Preferred Care of Delaware, Inc. et al v. Hewgley
MEMORANDUM OPINION AND ORDER by Judge Greg N. Stivers on 10/5/2017. Petitioners' Motion to Compel Arbitration (DN 3 ) is GRANTED IN PART and DENIED IN PART. Respondent is ENJOINED from proceeding against Petitioners in the State Court Action, except for the wrongful death claims. The parties to this action are COMPELLED to arbitrate all claims (except the wrongful death claims), which are the subject of the State Court Action. Counsel SHALL promptly notify the Simpson Circuit Court of this Memorandum Opinion and Order. Respondent's Motion to Dismiss (DN 8 ) is GRANTED IN PART as to the wrongful death claim only and DENIED IN PART as to all other claims. This case is STAYED until the conclusion of the ordered arbitration. cc: Counsel (CDR)
UNITED STATES DISTRICT COURT
WESTERN DISTRICT OF KENTUCKY
BOWLING GREEN DIVISION
CIVIL ACTION NO. 1:17-CV-00127-GNS
PREFERRED CARE OF DELAWARE, INC.;
FRANKLIN HEALTH FACILITIES, L.P.
d/b/a FRANKLIN-SIMPSON NURSING &
PREFERRED CARE PARTNERS MANAGEMENT
GROUP, LP; PCPMG, LLC;
KENTUCKY PARTNERS MANAGEMENT, LLC;
and FRANKLIN HEALTH FACILITIES GP, LLC
TAMMY HEWGLEY, as Administratrix of the
ESTATE OF JUNE HEWGLEY, Deceased
MEMORANDUM OPINION AND ORDER
This matter is before the Court on Petitioners’ Motion to Compel Arbitration (DN 3) and
Respondent’s Motion to Dismiss (DN 8). The motions have been fully briefed by the parties and
are ripe for adjudication. For the reasons outlined below, the Motion to Compel Arbitration is
GRANTED IN PART and DENIED IN PART, and the Motion to Dismiss is GRANTED IN
PART and DENIED IN PART.
SUMMARY OF FACTS AND CLAIMS
On January 15, 2017, a Warren District Court jury determined that June Hewgley
(“Hewgley”) was wholly disabled and incapable of managing her personal affairs and financial
resources. (Pet. Ex. C, at 1, DN 1-3). The Warren District Court then appointed the Kentucky
Cabinet for Health and Family Services (“CHFS”) to act as Hewgley’s guardian. (Pet. Ex. C., at
For the period of time—exclusive of hospitalizations—from January 16, 2015, to July 18,
2016, Hewgley was a resident of the Franklin-Simpson Nursing & Rehabilitation Center in
Franklin, Kentucky, which is owned and operated by Franklin Health Facilities GP, LLC and
other entities.1 (Pet. Ex. A, ¶ 3, DN 1-1). At the time of her admission, Mark Smith (“Smith”),
who is a representative of CHFS and was acting as Hewgley’s guardian, executed the necessary
admission paperwork, which included a document entitled “Alternative Dispute Resolution
Agreement” (“Arbitration Agreement”). (Pet. Ex. B, at 5, DN 1-2).
In relevant part, the
Arbitration Agreement provided that “[t]he Parties voluntarily agree that any disputes covered by
this Agreement (herein after referred to as ‘Covered Disputes’) that may arise between the
Parties shall be resolved exclusively by an ADR process that shall include mediation and, where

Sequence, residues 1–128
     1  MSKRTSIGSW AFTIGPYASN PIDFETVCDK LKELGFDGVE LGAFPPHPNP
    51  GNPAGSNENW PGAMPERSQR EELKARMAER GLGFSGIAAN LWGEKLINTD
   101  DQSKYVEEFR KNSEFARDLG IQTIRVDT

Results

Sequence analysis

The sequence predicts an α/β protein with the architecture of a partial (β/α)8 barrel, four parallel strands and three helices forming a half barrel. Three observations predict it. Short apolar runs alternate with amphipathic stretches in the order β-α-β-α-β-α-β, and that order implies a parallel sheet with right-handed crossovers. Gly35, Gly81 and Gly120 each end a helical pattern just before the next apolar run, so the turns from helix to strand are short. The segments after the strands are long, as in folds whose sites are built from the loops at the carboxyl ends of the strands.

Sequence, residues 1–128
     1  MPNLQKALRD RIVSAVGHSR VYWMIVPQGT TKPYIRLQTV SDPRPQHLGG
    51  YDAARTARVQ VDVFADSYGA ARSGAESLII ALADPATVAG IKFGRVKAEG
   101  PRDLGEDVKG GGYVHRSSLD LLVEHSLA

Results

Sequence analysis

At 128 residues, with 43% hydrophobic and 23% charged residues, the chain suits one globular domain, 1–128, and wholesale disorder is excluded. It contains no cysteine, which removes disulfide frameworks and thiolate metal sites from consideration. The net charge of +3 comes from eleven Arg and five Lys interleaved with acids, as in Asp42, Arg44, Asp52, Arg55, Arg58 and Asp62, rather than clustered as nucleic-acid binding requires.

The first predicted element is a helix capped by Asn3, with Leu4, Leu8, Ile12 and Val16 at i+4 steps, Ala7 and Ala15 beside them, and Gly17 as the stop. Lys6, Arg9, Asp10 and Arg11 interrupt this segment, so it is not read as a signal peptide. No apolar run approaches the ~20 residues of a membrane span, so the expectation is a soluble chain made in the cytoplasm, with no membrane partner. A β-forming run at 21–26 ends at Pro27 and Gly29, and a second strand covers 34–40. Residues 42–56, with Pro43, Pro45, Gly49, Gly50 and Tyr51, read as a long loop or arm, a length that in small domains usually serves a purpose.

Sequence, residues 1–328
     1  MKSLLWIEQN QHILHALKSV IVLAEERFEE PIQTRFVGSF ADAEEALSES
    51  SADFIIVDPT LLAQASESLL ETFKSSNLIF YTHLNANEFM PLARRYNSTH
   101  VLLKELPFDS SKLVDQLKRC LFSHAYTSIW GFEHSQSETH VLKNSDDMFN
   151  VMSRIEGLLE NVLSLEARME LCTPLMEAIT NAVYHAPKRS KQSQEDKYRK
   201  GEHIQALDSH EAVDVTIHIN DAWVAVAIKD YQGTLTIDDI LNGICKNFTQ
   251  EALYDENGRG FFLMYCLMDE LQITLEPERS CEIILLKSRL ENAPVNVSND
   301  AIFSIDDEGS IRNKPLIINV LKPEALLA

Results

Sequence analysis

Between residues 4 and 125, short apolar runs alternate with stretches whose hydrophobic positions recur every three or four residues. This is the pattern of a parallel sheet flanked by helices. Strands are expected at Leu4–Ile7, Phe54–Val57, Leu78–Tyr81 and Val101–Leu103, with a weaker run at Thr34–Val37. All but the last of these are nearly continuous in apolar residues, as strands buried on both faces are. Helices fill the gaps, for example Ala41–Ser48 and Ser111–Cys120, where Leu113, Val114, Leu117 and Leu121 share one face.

mediation does not successfully resolve the dispute, binding arbitration.” (Pet. Ex. B, ¶ 3). As
defined, the term “Covered Disputes” included any dispute arising from or related to care
rendered by Preferred Care. (Pet. Ex. B, ¶ 4). The Agreement also defined the term “Resident”
[A]ll persons whose claim is or may be derived through or on behalf of the
Resident, all persons entitled to bring a claim on behalf of the Resident, including
any personal representative, responsible party, guardian, executor, administrator,
legal representative, agent or heir of the Resident, and any person who has
executed this Agreement on behalf of the Resident.
(Pet. Ex. B, ¶ 2(b)).
On June 26, 2017, Tammy Hewgley, as Administratrix of the Estate of June Hewgley
(“Estate”), filed a lawsuit in Simpson Circuit Court entitled Hewgley v. Preferred Care of
The Court will refer to Petitioners in this action collectively as “Preferred Care.”
Delaware, Inc., Civil Action No. 17-CI-00211 (the “State Court Action”). (Pet. Ex. A, at 1, DN
1-1). In the state court complaint, the Estate asserted claims for, inter alia, negligence, medical
negligence, and wrongful death.2 (Pet. Ex. A, ¶¶ 27-40, ¶¶ 55-66). Following the initiation of
the State Court Action, Preferred Care filed this action in federal court asserting jurisdiction
under 28 U.S.C. § 1332(a) and Section 4 (9 U.S.C. § 4) of the Federal Arbitration Act (“FAA”),
9 U.S.C. §§ 1-16. Preferred Care seeks to enforce the Arbitration Agreement executed by
Hewgley’s court-appointed guardian, and Respondent has moved to dismiss this case. (Pet. ¶¶
28-37, DN 1; Pet’rs’ Mot. Compel Arbitration, DN 3; Resp’t’s Mot. Dismiss, DN 8).
In support of its motion to dismiss, Respondent asserts various bases pursuant to Fed. R.
Civ. P. 12(b)(1), 12(b)(6), and 12(b)(7).
In particular, Respondent raises the following
arguments: (i) the Court lacks subject matter jurisdiction; (ii) Preferred Care failed to join
indispensable parties—namely nursing home personnel who are defendants in the State Court